Lt. John Ivey and Republican candidate Freddie Sanders had no contributions to report.
District 1: Incumbent Matt Aitken had not filed a report. He previously said he might not run again, but we have it on good authority he will. We don’t know for sure, though, because he didn’t return a phone message.
Candidate Lori Davis’ supporters hosted a fish fry fundraiser for her at A.L. Williams Park on Broad Street last week. They sold all the tickets and cooked all the fish, and when it was over, Davis said it was a success, but didn’t say how much was raised. Her March 31 report was also mailed to the secretary of state’s office and not available online.
As of last week, announced candidate Stanley Hawes, the former president of the Laney-Walker Neighborhood Association, had not filed an intent form with the secretary of state.
District 3: Candidate Mary Davis has raised $35,315. Her campaign chairman Clay Boardman is also her largest contributor, donating $2,500. Monty Osteen Jr. donated $1,000; Ann Boardman, $800; William Fair III, $1,100; and Enterprise Mill Events Center donated the facility and refreshments for a campaign event valued at $1,230.50.
Candidate Ed Enoch has raised $14,374. Kendrick Paint and Body Shop and S&K Capital Partners each donated $2,500; Katherine Nave, $1,000.
District 7: Candidate Donnie Smith has raised $14,000. Southeastern Carpenters Regional Council PAC donated $2,500; Louis Blanchard and Mark Walpour each donated $1,000.
Candidate Ken Echols didn’t file a report.
OVERDRESSED OR UNDERDRESSED?: Enoch said he’s caught a lot of grief over an unusual move he made right before speaking to the Committee for Good Government last week.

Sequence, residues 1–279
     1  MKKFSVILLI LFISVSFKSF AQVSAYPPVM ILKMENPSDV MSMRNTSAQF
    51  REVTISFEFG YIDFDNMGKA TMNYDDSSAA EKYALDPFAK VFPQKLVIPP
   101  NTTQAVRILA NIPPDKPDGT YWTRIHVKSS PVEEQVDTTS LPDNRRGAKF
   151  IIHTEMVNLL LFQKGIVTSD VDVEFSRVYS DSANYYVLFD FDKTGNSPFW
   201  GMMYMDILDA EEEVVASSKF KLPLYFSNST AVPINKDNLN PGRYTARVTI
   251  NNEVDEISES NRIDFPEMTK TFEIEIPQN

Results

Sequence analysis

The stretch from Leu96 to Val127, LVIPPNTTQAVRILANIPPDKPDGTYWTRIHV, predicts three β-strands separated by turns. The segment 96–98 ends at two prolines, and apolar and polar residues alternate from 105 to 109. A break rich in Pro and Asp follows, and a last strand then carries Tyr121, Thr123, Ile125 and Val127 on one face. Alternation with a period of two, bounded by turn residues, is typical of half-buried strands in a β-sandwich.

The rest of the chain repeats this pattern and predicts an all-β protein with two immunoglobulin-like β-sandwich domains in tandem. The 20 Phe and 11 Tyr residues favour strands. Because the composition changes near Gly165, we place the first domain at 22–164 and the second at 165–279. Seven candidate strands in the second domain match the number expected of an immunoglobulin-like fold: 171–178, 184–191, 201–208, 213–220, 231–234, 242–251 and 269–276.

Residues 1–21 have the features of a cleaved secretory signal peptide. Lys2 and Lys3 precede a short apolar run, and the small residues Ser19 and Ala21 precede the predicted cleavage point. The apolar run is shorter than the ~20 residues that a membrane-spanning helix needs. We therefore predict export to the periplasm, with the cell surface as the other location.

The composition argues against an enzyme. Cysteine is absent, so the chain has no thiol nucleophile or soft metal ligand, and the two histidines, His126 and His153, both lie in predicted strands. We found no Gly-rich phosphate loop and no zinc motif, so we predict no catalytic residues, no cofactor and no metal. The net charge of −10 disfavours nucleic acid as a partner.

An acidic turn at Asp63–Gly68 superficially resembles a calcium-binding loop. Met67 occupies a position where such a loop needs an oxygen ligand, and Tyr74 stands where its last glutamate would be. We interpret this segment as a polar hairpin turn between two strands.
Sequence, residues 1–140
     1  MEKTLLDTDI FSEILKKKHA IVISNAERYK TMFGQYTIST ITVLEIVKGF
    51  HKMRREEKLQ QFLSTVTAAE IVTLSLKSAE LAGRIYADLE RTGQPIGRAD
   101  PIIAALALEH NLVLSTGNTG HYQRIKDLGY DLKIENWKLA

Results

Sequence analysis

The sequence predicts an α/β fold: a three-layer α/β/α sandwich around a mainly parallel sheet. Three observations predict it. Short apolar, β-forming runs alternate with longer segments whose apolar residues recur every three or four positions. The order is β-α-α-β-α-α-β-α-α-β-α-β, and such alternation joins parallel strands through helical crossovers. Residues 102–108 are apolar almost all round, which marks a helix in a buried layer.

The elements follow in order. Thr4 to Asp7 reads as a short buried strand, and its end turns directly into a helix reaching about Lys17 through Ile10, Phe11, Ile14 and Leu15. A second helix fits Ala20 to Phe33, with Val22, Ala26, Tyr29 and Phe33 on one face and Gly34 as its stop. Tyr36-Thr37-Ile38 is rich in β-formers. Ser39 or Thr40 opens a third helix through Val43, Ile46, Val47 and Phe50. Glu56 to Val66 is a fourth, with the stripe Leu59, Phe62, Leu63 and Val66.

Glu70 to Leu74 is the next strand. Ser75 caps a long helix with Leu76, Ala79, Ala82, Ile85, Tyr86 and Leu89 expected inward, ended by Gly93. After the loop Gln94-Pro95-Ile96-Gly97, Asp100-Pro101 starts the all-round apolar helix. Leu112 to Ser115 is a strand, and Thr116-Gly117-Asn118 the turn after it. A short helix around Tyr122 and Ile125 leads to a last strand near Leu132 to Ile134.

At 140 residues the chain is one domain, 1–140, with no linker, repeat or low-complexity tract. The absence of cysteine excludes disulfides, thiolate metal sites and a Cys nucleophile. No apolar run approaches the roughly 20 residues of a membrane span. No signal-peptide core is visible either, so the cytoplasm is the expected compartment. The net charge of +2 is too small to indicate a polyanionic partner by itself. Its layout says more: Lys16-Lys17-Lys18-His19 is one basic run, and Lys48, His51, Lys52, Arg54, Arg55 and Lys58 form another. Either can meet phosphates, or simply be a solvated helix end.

Enoch walked to the front, took off his jacket and after folding it neatly, draped it over the podium. After speaking to the crowd, he asked whether anyone had any questions for him. Committee member Carol Pender asked him where he went to college and after answering her, he asked whether anyone else had a question. After a short silence, Pender said, “You can get dressed now.”
“I can get dressed now?” he said with a laugh.
He said he took his jacket off because Augusta Judicial Circuit Chief Judge Carlisle Overstreet, who had spoken previously, did not wear a jacket.
“It just occurred to me I probably should stay in the same vein as he had,” he said. “Until I realized I didn’t have any place to put it.”
He said his campaign manager, David Steele, told him it looked like he was getting ready to make a really long speech.
POWER TO THE PEOPLE: A longtime political operative says Augusta’s black community is up in arms and determined to run a black candidate in every race. The community is upset because David Fry got probation instead of prison. Fry was charged with trying to bribe Commissioners Alvin Mason and Corey Johnson by offering to make them parking deck executives if they’d vote for the TEE Center deck.
“They feel the white man is always targeting black officials, and they always go to prison, but white officials get a slap on the wrist. The second thing they’re up in arms about is Rep. Barbara Sims going around the local delegation to change the commission voting date to July and then putting (Republican) Bill Jackson in the Richmond County delegation, weakening their power. The black preachers are really fired up, and they’re going to make sure people vote.”
So Juvenile Court Judge Willie Saunders is running against Overstreet, and Vanessa Diane Hewitt-Quinland, a black State Court assistant solicitor, is challenging State Court Judge John Flythe.
In addition, State Court Judge David Watkins’ secretary, Hattie Sullivan, is challenging incumbent Richmond County Clerk of Court Elaine Johnson.